small and big screen films including 1997’s Mandela and De Klerk with Sidney Poitier in the title role, and the upcoming Mandela: Long Walk to Freedom with British actors Idris Elba and Naomie Harris in the roles of Nelson and Winnie.
Mandela also called for a Truth and Reconciliation Commission with the goal of recording the daily and gross injustices that defined life under Apartheid and beginning the process of healing for many victims. The TRC, launched in 1996, was best known for its hearings in which perpetrators and victims testified of the savage and petty evils of Apartheid. Offenders who could prove their actions were politically motivated could apply for amnesty. (5,392 amnesty applications out of 7,112 were refused.)
In 1998, Mandela wed the former First Lady of Mozambique, Graça Simbine Machel. Machel was a freedom fighter in her own right, and fought for her country’s independence from the Portuguese as a member of the Front for the Liberation of Mozambique (Frelimo).
At the end of his first term, Mandela retired from active politics; succeeding the presidency to Thabo Mbeki. In the years that followed, Mandela’s international stature rose even more.
In 2002, he started 46664—taken from his prison number (prisoner number 466 of 1964)—an initiative to raise global awareness and funds toward prevention of HIV/AIDS. In 2005, Mandela’s second born son Makgatho died of complications from AIDS.
On his 89th birthday, Mandela convened a group of world leaders called "The Elders" which included his wife, human rights activist Archbishop Desmond Tutu, UN Secretary General Kofi Annan, Jimmy Carter and others to address the world's toughest issues. The group exists to demand an end to atrocities around the world, support initiatives to address humanitarian crises, and promote democracy, peace, and women's equality.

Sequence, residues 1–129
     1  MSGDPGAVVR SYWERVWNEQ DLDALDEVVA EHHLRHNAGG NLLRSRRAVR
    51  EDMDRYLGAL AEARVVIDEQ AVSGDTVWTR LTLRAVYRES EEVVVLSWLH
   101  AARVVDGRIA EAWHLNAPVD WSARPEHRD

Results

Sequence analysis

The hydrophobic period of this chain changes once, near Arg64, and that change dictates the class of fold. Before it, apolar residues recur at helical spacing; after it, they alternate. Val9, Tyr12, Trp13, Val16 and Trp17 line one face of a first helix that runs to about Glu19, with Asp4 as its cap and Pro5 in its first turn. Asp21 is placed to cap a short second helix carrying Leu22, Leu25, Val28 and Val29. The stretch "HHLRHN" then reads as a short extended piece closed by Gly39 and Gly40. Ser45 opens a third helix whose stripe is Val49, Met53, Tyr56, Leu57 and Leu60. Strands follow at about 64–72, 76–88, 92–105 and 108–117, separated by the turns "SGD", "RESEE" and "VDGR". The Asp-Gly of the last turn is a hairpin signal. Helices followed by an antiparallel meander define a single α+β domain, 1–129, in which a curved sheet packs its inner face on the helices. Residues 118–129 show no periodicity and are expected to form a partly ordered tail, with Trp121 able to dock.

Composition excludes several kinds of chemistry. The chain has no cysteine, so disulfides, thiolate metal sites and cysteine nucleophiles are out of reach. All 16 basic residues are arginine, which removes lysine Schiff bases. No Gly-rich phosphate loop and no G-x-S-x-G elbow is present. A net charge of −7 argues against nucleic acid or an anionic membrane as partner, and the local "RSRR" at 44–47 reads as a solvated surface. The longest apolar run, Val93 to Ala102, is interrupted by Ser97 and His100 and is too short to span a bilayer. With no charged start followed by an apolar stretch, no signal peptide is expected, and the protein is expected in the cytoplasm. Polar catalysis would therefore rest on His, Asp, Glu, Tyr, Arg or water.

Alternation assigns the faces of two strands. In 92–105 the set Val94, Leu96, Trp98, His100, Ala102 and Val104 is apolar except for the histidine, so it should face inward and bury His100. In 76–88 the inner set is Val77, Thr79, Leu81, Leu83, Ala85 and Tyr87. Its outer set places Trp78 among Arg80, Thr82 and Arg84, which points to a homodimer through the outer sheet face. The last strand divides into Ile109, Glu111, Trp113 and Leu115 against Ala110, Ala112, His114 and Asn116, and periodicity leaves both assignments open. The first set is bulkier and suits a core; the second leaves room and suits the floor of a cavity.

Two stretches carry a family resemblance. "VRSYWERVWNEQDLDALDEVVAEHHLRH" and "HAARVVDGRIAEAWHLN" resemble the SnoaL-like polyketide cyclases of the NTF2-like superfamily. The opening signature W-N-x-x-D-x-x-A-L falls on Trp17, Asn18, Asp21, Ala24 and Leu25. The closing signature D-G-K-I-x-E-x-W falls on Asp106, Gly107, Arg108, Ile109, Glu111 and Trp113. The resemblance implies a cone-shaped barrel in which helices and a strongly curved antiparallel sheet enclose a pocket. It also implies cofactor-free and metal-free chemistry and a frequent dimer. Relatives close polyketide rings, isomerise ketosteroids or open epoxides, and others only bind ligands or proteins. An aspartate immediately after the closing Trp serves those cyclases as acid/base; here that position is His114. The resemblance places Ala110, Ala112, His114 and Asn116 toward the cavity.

Mandela wrote several books, among them: 1994’s Long Walk to Freedom, 2010’s Conversations with Myself, 2011’s Nelson Mandela By Himself: The Authorized Book of Quotations and the children’s book Nelson Mandela’s Favorite African Folktales.
At 91, his birthday was declared Mandela Day in South Africa.
Mandela returned to his native Qunu to live out his last years with family in relative peace, but there were some interruptions to the tranquility he sought. His great-granddaughter was tragically killed in a car accident on June 11, 2010.
From January 2011 to June 2013, he was admitted to the hospital on four separate occasions for lung infection—his father died of lung disease—not including a brief hospitalization to undergo surgery for a stomach ailment. In May 2013, Mandela’s daughters Makaziwe and Zenani filed suit against their father for the rights to his artworks and control of his millions.
In spite of the money squabble, Makaziwe and Zenani joined sister Zindzi who is South Africa’s Ambassador to Argentina, as well as Machel and Winnie at their father’s bedside at Mediclinic Heart Hospital in Pretoria. They survive him as do 17 grandchildren, 13 great-grandchildren—and the millions of South Africans who no longer need a pass to travel freely around their own country or otherwise experience legally-sanctioned mistreatment for the skin they are in.
The troublemaker, champion, and founder of the council who was called "Madiba" after his Xhosa clan now rests in peace, having lived up to his name.
Addressing the world President Jacob Zuma